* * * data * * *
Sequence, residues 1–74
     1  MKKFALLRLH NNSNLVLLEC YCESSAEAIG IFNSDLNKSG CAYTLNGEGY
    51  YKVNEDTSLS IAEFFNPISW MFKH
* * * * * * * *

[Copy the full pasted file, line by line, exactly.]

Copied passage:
Sequence, residues 1–74
     1  MKKFALLRLH NNSNLVLLEC YCESSAEAIG IFNSDLNKSG CAYTLNGEGY
    51  YKVNEDTSLS IAEFFNPISW MFKH